Founded in 1962 by a group of friends, six of whom were University of Washington professors, Columbia Winery started off strong and gained further acclaim in 1979 with the arrival of David Lake. Lake, who is hailed as the “Dean of Washington Winemakers,” is the first winemaker in the state to produce Syrah, Cabernet Franc and Pinot Gris. He is also one of two Masters of Wine in Woodinville (the other is Robert Betz). This accolade says much about Woodinville Wine Country, since the group consists of only twenty members, and there are scarcely twenty Masters of Wine in all of America. Housed in a faux Victorian-style manor, the winery’s tasting room has a casual, neighborhood bar feel to it—a pleasant place to hang out and taste.

Chateau Ste. Michelle

While we like Columbia Winery, we have to admit that wine for wine we prefer Chateau Ste. Michelle. If you know this winery only for its inexpensive grocery store wines, you will be delighted to discover its premium vintages. You will also enjoy the setting, which is the old Hollywood Farm estate that once belonged to Seattle lumber baron Frederick Stimson. The gardens are beautiful, and you can take a self-guided tour of the ornamental cherries, red oak, European copper beech, weeping Norway spruce, Japanese maple and rhododendrons, the blowsy Washington State flower.

As long as we’re confessing, we also must come clean on the fact that—despite our ravings about Kennedy Shah’s modern, unconventional atmosphere—we really did enjoy the traditional, old-fashioned feel of Chateau Ste. Michelle. From its French chateau-style architecture to its casks and fertile, winey smell, the tasting room is a classic. Like Columbia, it has a large counter, and when you belly up to it, you feel as if you’re hanging out at a local joint. Aiding the down-home attitude are the down-home servers, whose knowledge is passed along like a story handed down by a favorite great uncle or aunt. We recommend the reserve tasting, although in the end we chose a bottle from the regular serving list. Our pick from this trip: the 2001 Canoe Ridge Estate Syrah. It was a favorite with everyone else that day, too, as the shelf was empty by the time we reached it, and we had to ask someone to dig through the back room to find more.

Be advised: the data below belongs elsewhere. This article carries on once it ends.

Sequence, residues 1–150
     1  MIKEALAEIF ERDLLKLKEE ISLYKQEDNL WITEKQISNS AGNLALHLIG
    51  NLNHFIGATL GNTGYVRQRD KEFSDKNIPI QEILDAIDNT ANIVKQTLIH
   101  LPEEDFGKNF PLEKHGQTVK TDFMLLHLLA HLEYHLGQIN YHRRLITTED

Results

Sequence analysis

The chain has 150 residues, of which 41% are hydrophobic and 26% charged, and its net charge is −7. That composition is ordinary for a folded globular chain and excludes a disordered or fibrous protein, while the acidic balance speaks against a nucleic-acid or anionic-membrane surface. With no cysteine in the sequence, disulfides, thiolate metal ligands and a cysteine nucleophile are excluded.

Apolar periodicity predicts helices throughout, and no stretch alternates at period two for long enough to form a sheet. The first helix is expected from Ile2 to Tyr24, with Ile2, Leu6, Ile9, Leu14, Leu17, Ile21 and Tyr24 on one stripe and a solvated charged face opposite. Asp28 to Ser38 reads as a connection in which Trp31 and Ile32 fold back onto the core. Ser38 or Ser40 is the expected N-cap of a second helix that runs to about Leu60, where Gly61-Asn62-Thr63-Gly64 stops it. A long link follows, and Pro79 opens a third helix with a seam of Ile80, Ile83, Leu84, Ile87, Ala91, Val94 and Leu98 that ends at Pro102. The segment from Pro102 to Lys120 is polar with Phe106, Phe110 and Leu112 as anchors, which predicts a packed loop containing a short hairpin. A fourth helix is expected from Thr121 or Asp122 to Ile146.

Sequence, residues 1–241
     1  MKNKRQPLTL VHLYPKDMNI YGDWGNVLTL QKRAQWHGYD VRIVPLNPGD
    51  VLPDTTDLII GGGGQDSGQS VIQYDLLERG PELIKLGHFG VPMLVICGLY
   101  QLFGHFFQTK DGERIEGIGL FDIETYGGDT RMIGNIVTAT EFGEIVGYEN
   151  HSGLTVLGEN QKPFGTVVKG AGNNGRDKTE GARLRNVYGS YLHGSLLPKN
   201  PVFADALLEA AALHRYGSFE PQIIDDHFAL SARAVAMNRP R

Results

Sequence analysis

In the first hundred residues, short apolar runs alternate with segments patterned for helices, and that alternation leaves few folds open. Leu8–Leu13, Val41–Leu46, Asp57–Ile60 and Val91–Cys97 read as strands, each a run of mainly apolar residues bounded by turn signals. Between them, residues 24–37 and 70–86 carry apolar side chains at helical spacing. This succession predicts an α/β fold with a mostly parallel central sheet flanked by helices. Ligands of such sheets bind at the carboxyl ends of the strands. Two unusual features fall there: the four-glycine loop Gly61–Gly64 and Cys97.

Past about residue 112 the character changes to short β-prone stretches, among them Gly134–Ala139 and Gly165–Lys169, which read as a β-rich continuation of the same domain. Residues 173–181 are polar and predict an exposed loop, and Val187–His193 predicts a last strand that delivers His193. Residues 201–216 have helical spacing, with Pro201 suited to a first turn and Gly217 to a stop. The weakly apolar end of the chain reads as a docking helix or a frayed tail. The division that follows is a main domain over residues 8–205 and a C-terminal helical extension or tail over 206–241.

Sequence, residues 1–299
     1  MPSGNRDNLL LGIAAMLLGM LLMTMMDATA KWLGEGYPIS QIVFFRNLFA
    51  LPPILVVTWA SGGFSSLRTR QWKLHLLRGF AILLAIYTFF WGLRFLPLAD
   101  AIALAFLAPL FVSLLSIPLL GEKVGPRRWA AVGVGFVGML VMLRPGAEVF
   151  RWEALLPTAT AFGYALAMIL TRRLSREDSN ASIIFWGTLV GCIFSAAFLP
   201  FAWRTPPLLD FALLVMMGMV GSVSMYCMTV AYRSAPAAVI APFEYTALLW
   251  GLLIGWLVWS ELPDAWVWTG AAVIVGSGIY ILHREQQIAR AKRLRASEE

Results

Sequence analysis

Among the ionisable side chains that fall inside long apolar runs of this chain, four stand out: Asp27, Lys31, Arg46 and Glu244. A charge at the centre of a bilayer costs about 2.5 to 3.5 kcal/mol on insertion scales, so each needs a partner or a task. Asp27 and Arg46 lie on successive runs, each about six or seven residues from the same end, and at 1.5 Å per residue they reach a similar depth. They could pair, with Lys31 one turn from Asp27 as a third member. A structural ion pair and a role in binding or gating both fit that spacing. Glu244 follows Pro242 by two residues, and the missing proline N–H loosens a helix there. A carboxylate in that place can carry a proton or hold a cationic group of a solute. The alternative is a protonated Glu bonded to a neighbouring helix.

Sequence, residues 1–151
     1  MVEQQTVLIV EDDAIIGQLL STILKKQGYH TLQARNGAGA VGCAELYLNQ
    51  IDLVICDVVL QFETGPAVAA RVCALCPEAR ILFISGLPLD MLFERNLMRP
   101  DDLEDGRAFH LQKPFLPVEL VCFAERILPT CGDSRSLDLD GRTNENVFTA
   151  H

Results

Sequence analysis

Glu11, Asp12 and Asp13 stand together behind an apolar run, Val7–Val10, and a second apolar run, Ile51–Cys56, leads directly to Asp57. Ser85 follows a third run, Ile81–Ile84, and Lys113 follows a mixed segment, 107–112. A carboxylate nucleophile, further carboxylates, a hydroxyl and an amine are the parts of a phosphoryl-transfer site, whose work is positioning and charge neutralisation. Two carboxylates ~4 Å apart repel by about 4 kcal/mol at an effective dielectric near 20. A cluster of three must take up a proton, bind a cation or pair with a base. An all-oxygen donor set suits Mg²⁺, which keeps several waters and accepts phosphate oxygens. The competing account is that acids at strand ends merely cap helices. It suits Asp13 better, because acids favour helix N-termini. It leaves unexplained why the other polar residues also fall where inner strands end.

The Herbfarm

After a nice long nap at your hotel, it’s time for dinner at The Herbfarm, whose nine-course set menu is paired with five to six wines. Make reservations well in advance (the norm used to be a year’s lead time!), and prepare to mingle with lots of Seattleites, who count this restaurant among their top choices when celebrating important occasions or simply wanting to commune with good friends.

While we have mentioned just a few wineries, the rest are certainly worth visiting, which is why more than one day is ideal. If you’re really intent on sipping at as many as possible, plan to come during the annual Passport to Woodinville, when all of the local wineries open their doors. This spring event is just one of the many ways the Woodinville Wine Country is wooing wine lovers. Chateau Ste. Michelle holds big-name, outdoor concerts in the summer, a farmers market operates in season, there’s a festive open house on St. Nicholas Day, and a Northwest Wine and Culinary Village is on its way. The area is going to grow, and SR-202 may come to resemble Napa’s Highway 29 in years to come, but one thing is certain to stay the same. Woodinville will always be Woodinville: low-key, welcoming and steeped in the pioneer spirit of the Pacific Northwest.

Visiting Woodinville Wine Country


Salish Lodge & Spa
6501 Railroad Ave.
Snoqualmie, WA 98065
Willows Lodge
14580 NE 145th St.
Woodinville, WA 98072


Barking Frog
14582 NE 145th St.
Woodinville, WA 98072

The Herbfarm
14590 NE 145th St.
Woodinville, WA 98072

Purple Café & Wine Bar
14459 Woodinville-Redmond Rd.
Woodinville, WA 98072


Chateau Ste. Michelle Summer
Concert Series

Passport to Woodinville

Taste Washington

Woodinville Farmers Market


Columbia Winery
14030 NE 145th St.
Woodinville, WA 98072

Chateau Ste. Michelle
14111 NE 145th St.
Woodinville, WA

DiStefano Winery
12280 Woodinville Dr. SE
Woodinville, WA 98072

Kennedy Shah
Woodhouse Family Cellars
15500 Woodinville-Redmond Rd.
Ste. C600
Woodinville, WA 98072